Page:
For years, Mindy Swayne avoided participation in the fundraiser.

For years, Mindy Swayne avoided participation in the fundraiser.

Swayne is the practice manager at the Lee’s Summit KCCC. She’s worked with the center for 20 years.

The fundraiser, called “Shave to Save,” had people raise money for the Kansas City chapter of the American Cancer Society. The people who raised the money, in turn, got their heads shaved at an event May 6 in Kansas City.

Never in the event’s 10-year history did Swayne participate. Until this year.

“Every year for the last few years I thought I was going to do it but every year I chickened out,” Swayne said.

She had good reason to take part this year.

Last December, lung cancer killed a close friend she had known for 40 years.

Kim McKay, a breast cancer survivor, was killed in a car accident on Interstate 435.

“She was my best friend,” Swayne said.

Also, her sister is a 45-year kidney cancer survivor.

She was thinking of the two lost friends when deciding to participate.

“I wanted to do it to honor them,” said Swayne, whose husband is an eight-year cancer survivor.

Steve Swayne, the husband, was the first person who took the inaugural swipe with the razor to her hair.

Swayne raised $6,622.50. Her friends, family and colleagues donated to that amount. A benefit concert was held to raise the money.

In total, the 23 shavees raised $145,772.62.

“Everybody kept saying ‘you’re so courageous to do this,’” Swayne said. “I didn’t feel courageous at all. I felt like our patients are courageous for what they go through. This is just a hair cut.”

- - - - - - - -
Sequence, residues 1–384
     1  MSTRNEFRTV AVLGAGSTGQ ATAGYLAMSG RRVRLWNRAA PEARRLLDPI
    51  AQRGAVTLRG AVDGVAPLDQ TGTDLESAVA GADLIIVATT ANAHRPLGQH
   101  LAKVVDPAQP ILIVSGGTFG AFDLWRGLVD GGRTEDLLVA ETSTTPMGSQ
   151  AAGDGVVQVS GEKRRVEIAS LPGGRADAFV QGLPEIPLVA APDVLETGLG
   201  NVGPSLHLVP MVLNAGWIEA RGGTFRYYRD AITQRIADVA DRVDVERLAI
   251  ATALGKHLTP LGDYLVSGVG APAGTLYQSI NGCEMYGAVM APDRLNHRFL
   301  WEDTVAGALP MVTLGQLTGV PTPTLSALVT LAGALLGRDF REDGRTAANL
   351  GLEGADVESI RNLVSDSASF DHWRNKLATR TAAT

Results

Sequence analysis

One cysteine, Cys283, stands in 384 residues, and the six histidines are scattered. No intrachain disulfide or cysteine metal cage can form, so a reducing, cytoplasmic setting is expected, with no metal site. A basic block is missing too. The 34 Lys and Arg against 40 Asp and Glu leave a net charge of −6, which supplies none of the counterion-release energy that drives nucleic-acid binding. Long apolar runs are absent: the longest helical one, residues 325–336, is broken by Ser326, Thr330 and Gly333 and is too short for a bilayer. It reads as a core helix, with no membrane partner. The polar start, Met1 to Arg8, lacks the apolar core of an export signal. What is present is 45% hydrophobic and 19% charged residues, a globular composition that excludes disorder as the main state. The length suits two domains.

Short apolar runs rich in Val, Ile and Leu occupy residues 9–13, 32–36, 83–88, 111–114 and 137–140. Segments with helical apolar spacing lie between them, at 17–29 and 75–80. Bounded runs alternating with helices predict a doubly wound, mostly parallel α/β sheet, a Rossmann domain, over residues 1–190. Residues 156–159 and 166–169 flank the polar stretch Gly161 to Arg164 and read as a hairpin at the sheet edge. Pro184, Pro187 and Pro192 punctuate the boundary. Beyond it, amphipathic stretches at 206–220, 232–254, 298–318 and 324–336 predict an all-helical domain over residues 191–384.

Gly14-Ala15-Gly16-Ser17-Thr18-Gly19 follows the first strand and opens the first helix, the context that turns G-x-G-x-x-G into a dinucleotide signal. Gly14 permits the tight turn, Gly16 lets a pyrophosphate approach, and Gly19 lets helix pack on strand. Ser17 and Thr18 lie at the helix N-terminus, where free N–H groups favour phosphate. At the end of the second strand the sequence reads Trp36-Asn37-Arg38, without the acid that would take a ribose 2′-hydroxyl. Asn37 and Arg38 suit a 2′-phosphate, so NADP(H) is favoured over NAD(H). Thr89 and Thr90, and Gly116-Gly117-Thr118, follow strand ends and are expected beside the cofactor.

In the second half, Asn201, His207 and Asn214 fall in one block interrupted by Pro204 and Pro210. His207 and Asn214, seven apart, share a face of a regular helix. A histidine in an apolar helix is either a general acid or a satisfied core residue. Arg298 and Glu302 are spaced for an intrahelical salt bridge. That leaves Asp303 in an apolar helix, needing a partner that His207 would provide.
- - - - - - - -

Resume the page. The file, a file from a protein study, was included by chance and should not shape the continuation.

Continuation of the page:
She said her hair has been “the one thing I’ve been vain about. I’ve always wanted it to look just perfect. I was always doing different things to it.”

She did not realize how vain until she got it shaved.

Her hair was relatively short before the shave, unlike some of the participants who got their long locks chopped off.

The hair clippings were donated to Locks of Love, an organization that provides hairpieces to financially disadvantaged children suffering from long-term medical hair loss.

Now, she gets the feeling when she’s in public that people stare and wonder if she has cancer.

“I get the sense that people notice but they don’t want to stare,” Swayne said. “I get a little flicker of sympathy. I do feel like I understand a little bit more.”

Cathy Jennings is the quality assurance manager for KCCC. She audits patient charts for safety and billing issues.

That means she does not have direct patient contact. “I don’t see the patients but I read their charts,” she said.

So she reads their cancer struggles.

“That’s part of the reason why I participated,” Jennings said.

She never heard of the event until last year.

“But the minute I heard about it, I was considering participating.”

Jennings said she has been lucky not to have had immediate family stricken by cancer.

“But of course, nobody gets by free from this,” Jennings said. “Lots of aunts and uncles cousins and friends and friend’s parents.”

Jennings said the KCCC held in-house fundraisers to raise some money.

Jennings raised $6,934.96. She hopes to reach $7,000.

The American Cancer Society’s Hope Lodge in Kansas City is a free, 24-hour temporary residential facility that offers a home for cancer patients and their caregivers while receiving outpatient treatment. Patients at KCCC use Hope Lodge.

Every cent raised from the event went for Hope Lodge.

“We just really love Hope Lodge,” Swayne said. “They provide a service that nobody else provides, especially patients who have to come from out of town for extended treatments where they have to stay close to their physicians. They do wonderful work.”

A friend who is a 14-year breast cancer survivor took the first swipe at shaving her head.

“I knew she would be happy to be involved,” Jennings said, of Bonnor Springs, Kan.

 Donations are still being accepted until August. To donate, visit